Tom Hart Dyke talk


Plant hunter and gardener with passion

Come and hear his exciting tales of……


Growing up at Lullingstone Castle

Kidnap in the Columbian jungle

The making of a ‘world garden’ at Lullingstone Castle

Cressing Temple Wheat Barn

June 9th


Ticket price £12

Book now


More about Tom Hart-Dyke:

Tom Hart Dyke first shot to international prominence in the year 2000, when he was kidnapped in the Colombian jungle on a plant hunting expedition that went dangerously wrong.

Tom and his travelling companion, Paul Winder, were kidnapped while trekking through ‘The Darien Gap’, a dangerous place abandoned by all to warring guerrilla factions. Tom and Paul were kidnapped on Tom’s sister’s birthday 16th March 2000 and were held for nine months and released on 16th December 2000.   During the nine month ordeal The British Embassy gave the boys up for dead, but Tom and Paul’s parents never gave up hope.

Jungle tale:

After Tom’s return home to his ancestral home of Lullingstone Castle, near Sevenoaks, in Kent, Tom and Paul (Winder) penned the best selling book The Cloud Garden (Transworld 2002) detailing their experiences in the jungle. Tom’s jungle antics – building gardens in the mountains, much to the annoyance of his captors – cemented his reputation as a ‘plant nut’. Later Tom wrote another book – ‘An Englishman’s Home’ – detailing the trials and tribulations of developing the World Garden at Lullingstone Castle.

TV Personality:

 In 2001 Tom travelled to South East Asia with KEO films to make A Dangerous Obsession (Channel 4, summer 2002) – the story of Tom’s search for an orchid to name after his beloved Gran Mary Hart Dyke (nicknamed ‘Crac’ by Tom). Tom’s search for an unnamed species was fruitless but the subsequent programme brought him to the attention of many. Kathryn Flett from the Observer named him ‘the new David Bellamy’ for his enthusiasm for his beloved subject – ‘orchids’.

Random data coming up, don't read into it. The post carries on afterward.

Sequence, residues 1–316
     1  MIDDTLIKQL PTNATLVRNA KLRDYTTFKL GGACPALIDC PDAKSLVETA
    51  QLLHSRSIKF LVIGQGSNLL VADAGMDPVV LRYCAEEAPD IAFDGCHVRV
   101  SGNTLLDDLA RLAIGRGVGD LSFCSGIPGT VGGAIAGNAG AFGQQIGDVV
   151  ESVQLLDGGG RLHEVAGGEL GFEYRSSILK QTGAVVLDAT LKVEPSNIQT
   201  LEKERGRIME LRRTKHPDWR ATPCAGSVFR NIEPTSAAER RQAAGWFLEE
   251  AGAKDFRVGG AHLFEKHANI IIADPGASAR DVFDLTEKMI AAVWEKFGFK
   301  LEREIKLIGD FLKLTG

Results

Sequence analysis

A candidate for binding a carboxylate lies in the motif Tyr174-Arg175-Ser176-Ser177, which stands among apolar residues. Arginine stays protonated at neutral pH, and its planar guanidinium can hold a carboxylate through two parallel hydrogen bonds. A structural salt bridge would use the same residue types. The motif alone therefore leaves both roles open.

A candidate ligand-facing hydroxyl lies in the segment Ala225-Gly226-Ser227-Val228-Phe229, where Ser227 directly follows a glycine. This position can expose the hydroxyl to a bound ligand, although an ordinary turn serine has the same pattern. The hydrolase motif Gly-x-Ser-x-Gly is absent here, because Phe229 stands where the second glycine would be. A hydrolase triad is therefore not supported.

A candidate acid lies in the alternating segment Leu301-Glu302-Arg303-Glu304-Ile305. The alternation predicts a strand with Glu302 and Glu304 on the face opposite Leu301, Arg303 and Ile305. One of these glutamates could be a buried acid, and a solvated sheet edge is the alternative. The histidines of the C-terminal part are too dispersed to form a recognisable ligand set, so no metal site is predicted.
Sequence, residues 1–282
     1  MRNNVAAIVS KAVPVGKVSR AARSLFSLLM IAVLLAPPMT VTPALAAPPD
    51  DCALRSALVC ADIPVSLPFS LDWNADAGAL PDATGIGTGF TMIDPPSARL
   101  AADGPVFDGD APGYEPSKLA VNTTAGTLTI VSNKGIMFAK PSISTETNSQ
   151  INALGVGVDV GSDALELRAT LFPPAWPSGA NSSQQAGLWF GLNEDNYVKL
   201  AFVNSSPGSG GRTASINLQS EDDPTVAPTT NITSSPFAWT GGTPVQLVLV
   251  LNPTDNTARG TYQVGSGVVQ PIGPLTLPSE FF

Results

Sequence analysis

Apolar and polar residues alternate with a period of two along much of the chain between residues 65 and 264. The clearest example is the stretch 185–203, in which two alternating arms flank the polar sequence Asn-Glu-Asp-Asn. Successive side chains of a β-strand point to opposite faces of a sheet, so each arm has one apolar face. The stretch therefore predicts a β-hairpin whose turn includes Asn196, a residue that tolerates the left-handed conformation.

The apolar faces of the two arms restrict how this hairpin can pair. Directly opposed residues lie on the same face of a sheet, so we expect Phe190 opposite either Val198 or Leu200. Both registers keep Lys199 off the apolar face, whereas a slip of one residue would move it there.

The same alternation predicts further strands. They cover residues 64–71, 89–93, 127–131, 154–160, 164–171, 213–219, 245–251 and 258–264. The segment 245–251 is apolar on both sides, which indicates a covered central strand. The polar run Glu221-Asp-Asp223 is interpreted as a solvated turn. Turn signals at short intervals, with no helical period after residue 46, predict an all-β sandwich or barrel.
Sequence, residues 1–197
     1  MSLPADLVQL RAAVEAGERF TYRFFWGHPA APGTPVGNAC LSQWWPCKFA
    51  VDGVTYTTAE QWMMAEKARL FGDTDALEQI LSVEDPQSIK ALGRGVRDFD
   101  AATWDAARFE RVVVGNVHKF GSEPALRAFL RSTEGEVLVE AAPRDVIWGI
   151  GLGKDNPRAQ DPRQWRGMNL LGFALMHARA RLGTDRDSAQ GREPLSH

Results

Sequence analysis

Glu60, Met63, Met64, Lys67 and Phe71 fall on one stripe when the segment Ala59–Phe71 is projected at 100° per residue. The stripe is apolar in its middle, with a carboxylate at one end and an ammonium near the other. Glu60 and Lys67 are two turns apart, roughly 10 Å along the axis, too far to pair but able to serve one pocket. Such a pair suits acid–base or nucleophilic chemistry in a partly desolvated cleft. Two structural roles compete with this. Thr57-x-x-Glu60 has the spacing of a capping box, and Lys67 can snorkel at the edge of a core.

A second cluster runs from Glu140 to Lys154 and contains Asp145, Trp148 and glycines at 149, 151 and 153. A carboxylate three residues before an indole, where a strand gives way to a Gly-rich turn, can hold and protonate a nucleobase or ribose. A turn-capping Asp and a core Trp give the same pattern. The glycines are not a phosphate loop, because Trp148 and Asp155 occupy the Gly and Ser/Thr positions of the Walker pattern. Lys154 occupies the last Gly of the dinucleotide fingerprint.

2000-2007 Saving Lullingstone Castle & Return to Lullingstone Castle (KEO films for BBC2)-The story of the creation of The World Garden:

 The idea for The World Garden was born in the depths of despair in the Colombian jungle. Midday on June 16th 2000, three months into their kidnap ordeal, Tom and his fellow captive Paul Winder, were told to prepare to die that night. Paul spent the afternoon of that fateful day in prayer, but Tom decided that the best course of action would be to spend his final day on Earth designing his dream garden! He spent the day drawing plans, in his diary, for a World Garden – containing the plants he’d collected from across the globe, planted out in their respective countries of origin.

Luckily for Tom, Paul and their families, the boys were not executed, but were released in time for Christmas 2000.

Since his release from captivity, Tom has been busy building the ‘World’ in his back garden at Lullingstone Castle. Under the watchful eye of KEO Films/BBC, the man, known locally as ‘the Plant Nut’, has been filmed commandeering his Granny’s 18th Century Walled Garden, within the grounds of the Castle, to create his jungle dream.

Every stage of Tom’s jungle project has been filmed for the 12 part BBC2 series saving Lullingstone & Return to Lullingstone. The garden opened to the public in March 2005 and has seen a steady stream of visitors entering through the 18th century moon gate, and traversing the pathways (or seas) as they literally walk around the ‘ world in under 80 minutes’.

Tom’s garden won the prestigious British Guild of Travel Writers UK Tourism Award 2005.


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